I have a C++ script which involves string representations of would-be hexadecimal numbers. In a later portion of the script, I would like to convert these would-be hexadecimal numbers into doubles for some arithmetic in base 10. To try to make this conversion, I use a function.

```
double MyFunction(string input)
{
double Number;
stringstream ss(input);
ss >> hex >> Number;
return Number;
}
```

When my script runs, it seems the resulting converted string is only considered as a decimal number. If the original string was "fc" or "b5", it says the converted number is -9.25596e+061. But if the string was "33" (which is supposed to be 0x33), it views it as decimal 33. I have tried it without the ">> hex" and with adding a "0x" prefix to the string before conversion (since the compile seems to understand 0xF just as it would 16), but no such luck.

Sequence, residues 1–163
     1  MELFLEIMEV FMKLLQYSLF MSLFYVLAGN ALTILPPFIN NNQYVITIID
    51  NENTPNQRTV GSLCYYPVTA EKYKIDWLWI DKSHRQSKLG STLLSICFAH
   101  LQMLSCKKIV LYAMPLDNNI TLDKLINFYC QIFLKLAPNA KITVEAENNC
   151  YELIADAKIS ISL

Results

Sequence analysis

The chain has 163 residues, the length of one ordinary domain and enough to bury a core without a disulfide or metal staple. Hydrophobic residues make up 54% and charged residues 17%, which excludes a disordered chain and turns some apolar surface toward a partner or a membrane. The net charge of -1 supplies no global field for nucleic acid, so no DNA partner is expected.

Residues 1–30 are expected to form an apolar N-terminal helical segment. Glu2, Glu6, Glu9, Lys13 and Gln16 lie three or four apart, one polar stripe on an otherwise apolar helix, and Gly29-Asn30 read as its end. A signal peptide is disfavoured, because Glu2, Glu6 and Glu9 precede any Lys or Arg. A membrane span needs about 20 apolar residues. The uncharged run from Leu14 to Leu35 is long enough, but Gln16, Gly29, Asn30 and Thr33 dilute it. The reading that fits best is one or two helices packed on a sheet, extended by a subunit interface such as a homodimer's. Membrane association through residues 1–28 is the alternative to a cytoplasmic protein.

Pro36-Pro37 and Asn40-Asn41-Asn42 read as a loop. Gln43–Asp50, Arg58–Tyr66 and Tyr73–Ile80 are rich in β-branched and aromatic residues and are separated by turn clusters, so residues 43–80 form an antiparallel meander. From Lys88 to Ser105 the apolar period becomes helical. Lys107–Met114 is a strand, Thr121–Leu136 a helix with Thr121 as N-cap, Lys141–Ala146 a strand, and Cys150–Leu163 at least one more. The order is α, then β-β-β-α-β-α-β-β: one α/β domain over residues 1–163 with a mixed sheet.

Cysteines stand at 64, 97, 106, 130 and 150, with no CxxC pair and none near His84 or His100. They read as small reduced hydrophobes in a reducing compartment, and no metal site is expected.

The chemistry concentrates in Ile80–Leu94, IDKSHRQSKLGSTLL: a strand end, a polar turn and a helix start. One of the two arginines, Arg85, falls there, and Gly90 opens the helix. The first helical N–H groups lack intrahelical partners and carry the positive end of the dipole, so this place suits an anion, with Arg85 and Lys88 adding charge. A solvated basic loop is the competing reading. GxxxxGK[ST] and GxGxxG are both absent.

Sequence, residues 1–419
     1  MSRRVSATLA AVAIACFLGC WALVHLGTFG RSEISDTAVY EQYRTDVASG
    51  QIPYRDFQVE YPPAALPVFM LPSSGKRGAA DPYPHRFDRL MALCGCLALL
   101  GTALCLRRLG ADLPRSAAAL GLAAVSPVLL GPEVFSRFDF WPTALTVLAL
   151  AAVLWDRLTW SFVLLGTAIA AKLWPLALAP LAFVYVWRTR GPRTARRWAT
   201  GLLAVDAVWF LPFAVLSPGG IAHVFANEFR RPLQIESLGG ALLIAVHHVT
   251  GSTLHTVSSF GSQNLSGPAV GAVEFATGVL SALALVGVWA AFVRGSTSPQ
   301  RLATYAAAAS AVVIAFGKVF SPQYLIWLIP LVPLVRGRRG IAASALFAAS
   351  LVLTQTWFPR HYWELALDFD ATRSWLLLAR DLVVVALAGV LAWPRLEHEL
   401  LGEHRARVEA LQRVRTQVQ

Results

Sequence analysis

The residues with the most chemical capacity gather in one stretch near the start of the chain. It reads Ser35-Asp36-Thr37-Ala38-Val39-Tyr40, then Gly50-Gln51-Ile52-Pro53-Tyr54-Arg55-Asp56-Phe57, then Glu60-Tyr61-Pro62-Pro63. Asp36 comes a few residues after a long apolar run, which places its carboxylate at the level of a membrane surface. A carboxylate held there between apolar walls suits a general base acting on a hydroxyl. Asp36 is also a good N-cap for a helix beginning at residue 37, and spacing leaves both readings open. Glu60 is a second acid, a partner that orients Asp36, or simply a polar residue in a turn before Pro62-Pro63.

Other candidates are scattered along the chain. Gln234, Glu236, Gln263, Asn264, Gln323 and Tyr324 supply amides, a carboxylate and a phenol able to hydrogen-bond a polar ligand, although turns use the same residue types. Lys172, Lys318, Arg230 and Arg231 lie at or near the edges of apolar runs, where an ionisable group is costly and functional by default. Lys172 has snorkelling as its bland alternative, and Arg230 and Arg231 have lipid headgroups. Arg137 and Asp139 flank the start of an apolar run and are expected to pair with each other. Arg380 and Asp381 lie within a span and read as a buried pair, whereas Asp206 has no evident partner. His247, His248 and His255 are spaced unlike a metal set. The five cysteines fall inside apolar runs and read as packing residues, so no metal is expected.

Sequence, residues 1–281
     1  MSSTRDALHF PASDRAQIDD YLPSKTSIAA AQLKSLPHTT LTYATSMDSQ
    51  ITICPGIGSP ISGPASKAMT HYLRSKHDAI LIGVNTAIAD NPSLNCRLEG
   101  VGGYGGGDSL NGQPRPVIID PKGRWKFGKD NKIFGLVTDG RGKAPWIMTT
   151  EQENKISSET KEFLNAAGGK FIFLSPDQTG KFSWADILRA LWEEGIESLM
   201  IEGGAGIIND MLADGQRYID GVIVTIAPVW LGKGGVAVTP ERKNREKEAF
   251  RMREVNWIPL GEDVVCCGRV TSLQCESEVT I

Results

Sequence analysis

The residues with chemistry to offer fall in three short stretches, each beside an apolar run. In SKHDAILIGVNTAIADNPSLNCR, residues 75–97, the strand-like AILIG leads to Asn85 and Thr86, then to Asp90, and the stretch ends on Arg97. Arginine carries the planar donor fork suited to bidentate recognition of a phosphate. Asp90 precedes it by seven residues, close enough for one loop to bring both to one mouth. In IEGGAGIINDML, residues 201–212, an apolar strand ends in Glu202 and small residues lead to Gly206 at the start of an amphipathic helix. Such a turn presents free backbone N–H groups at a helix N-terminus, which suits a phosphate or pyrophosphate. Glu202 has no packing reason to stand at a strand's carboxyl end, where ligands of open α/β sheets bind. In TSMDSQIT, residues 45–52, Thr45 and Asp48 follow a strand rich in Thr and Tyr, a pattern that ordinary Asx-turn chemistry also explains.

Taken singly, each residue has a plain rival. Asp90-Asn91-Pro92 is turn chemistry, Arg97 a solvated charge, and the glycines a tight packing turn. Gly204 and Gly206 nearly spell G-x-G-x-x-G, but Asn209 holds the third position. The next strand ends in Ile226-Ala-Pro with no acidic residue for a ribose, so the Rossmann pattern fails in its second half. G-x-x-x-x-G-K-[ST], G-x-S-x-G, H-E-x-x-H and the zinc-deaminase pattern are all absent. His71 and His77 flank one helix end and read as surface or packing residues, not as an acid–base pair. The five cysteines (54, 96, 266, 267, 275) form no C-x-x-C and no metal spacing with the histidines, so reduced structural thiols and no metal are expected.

I understand the computer stores everything as binary and that the base a number is viewed at is not stored, but I simply do not understand what is wrong here. Why does it seemingly insist upon reading the string in base 10 and disregarding any instance of A-F?

Any help will be appreciated.